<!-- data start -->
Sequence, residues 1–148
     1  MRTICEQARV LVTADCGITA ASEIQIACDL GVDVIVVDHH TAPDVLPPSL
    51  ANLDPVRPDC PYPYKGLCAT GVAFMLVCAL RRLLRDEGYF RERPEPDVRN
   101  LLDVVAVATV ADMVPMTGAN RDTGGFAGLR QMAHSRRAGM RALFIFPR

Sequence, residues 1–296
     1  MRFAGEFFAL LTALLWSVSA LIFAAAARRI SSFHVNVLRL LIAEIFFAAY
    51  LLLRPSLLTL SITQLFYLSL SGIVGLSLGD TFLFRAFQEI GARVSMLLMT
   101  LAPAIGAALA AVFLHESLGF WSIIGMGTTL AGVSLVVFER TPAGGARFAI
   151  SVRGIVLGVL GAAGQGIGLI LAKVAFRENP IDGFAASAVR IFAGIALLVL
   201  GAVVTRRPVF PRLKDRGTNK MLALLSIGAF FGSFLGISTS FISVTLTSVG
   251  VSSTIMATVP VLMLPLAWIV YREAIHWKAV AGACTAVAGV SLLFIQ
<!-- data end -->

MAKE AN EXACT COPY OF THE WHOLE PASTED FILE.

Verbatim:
Sequence, residues 1–148
     1  MRTICEQARV LVTADCGITA ASEIQIACDL GVDVIVVDHH TAPDVLPPSL
    51  ANLDPVRPDC PYPYKGLCAT GVAFMLVCAL RRLLRDEGYF RERPEPDVRN
   101  LLDVVAVATV ADMVPMTGAN RDTGGFAGLR QMAHSRRAGM RALFIFPR

Sequence, residues 1–296
     1  MRFAGEFFAL LTALLWSVSA LIFAAAARRI SSFHVNVLRL LIAEIFFAAY
    51  LLLRPSLLTL SITQLFYLSL SGIVGLSLGD TFLFRAFQEI GARVSMLLMT
   101  LAPAIGAALA AVFLHESLGF WSIIGMGTTL AGVSLVVFER TPAGGARFAI
   151  SVRGIVLGVL GAAGQGIGLI LAKVAFRENP IDGFAASAVR IFAGIALLVL
   201  GAVVTRRPVF PRLKDRGTNK MLALLSIGAF FGSFLGISTS FISVTLTSVG
   251  VSSTIMATVP VLMLPLAWIV YREAIHWKAV AGACTAVAGV SLLFIQ